Everyday language suggests maybe not. We speak of street smarts and EQ, for instance. Both terms suggest that there are abilities that deserve to be considered as forms of intelligence but that fall well beyond the scope of traditional academic measures. Does science go along with common sense in seeing that intelligence and IQ are far from the same thing?

More than you probably imagine. According to Harvard's Howard Gardner, intelligence actually comes in an incredible eight flavors. In a recent video for Big Think the developmental psychologist outlined not just the two kinds of intelligence he believes IQ tests capture -- language and logical (other academics break IQ into different components) -- but also listed another six types of intelligence these tests fail to measure at all.


1. Musical intelligence.

"People say, well, music is a talent. It's not an intelligence. And I say why, if you're good with words, is that an intelligence, but if you're good with tones and rhythms and timbres, it's not. And nobody's ever given me a good answer, which is why it makes sense to talk about musical intelligence," Gardner points out. 

2. Spatial intelligence.

This is the easy grasp of how things lay in space that allows a chess master to win or a surgeon to perform near miracles. It's also "what an airplane pilot or a sea captain would have. How do you find your way around large territory and large space," Gardner notes.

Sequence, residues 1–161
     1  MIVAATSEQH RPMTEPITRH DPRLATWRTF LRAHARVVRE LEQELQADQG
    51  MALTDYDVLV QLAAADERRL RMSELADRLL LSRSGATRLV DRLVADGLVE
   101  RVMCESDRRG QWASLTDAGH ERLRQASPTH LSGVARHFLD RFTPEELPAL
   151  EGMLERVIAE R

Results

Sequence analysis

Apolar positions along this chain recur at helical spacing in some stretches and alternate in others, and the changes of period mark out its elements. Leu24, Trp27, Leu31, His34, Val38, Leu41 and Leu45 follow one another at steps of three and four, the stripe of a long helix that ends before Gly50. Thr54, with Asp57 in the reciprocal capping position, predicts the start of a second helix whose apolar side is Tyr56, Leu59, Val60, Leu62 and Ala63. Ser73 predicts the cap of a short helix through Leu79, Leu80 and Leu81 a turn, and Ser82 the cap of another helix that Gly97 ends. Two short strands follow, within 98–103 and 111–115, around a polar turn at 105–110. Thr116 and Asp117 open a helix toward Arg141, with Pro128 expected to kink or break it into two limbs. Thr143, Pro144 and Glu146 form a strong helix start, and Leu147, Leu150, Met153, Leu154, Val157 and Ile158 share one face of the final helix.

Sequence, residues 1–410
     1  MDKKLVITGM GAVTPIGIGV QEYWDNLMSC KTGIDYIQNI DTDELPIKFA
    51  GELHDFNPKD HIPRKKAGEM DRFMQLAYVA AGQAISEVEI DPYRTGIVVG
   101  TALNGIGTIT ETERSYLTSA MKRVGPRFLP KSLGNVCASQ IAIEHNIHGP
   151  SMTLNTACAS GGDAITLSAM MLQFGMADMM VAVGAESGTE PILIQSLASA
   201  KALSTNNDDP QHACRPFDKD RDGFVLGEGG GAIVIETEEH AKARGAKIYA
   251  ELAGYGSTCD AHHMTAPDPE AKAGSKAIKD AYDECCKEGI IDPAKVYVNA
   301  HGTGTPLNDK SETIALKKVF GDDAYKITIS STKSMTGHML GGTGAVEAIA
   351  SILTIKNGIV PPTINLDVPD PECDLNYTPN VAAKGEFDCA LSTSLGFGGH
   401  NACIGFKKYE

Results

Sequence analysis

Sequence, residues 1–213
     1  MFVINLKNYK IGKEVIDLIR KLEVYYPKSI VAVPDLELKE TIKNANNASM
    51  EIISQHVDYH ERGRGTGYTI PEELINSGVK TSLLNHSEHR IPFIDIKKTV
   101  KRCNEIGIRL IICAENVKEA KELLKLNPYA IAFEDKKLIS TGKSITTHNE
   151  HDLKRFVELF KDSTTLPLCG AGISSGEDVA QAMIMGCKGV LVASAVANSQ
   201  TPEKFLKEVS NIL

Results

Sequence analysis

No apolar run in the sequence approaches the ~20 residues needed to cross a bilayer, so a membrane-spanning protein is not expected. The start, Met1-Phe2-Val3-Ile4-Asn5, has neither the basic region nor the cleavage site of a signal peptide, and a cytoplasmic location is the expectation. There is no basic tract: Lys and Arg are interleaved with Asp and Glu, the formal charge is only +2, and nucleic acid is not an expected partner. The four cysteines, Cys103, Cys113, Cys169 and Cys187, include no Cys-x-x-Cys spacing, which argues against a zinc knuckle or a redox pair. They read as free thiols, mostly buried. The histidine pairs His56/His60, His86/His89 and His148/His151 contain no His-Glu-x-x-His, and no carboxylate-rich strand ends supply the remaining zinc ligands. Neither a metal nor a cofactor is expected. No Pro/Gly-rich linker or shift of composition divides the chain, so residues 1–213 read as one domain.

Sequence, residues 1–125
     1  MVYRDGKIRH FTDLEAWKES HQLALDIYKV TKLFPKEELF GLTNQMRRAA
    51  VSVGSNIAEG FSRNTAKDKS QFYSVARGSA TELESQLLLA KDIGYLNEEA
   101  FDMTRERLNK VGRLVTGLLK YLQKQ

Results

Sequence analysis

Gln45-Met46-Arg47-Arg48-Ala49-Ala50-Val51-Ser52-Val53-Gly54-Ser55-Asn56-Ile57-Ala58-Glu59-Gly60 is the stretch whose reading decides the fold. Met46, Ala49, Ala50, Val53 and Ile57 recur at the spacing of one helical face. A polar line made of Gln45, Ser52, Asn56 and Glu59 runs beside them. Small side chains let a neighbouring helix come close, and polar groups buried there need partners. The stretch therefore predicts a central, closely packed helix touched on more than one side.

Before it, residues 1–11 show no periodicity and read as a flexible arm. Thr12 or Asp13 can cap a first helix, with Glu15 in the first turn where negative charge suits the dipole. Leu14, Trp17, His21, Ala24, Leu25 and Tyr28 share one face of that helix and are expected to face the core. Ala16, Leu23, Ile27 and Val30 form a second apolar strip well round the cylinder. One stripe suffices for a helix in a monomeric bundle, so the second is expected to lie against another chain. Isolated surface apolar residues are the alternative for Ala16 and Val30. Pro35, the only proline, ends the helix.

3. Bodily kinesthetic Intelligence

Forget the cliché of the dumb jock. Coordinating your body actually takes a great deal of intelligence -- just not the kind measured by IQ tests. This type of smarts "comes in two flavors. One flavor is the ability to use your whole body to solve problems or to make things, and athletes and dancers would have that kind of bodily kinesthetic intelligence. But another variety is being able to use your hands or other parts of your body to solve problems or make things. A craftsperson would have bodily kinesthetic intelligence" too, according to Gardner.


4. Interpersonal intelligence.

This one seems a bit similar to the popular concept of EQ. "Interpersonal intelligence is how you understand other people, how you motivate them, how you lead them, how you work with them, how you cooperate with them," says Gardner, who adds that it's a particularly important type of intelligence for leaders to have.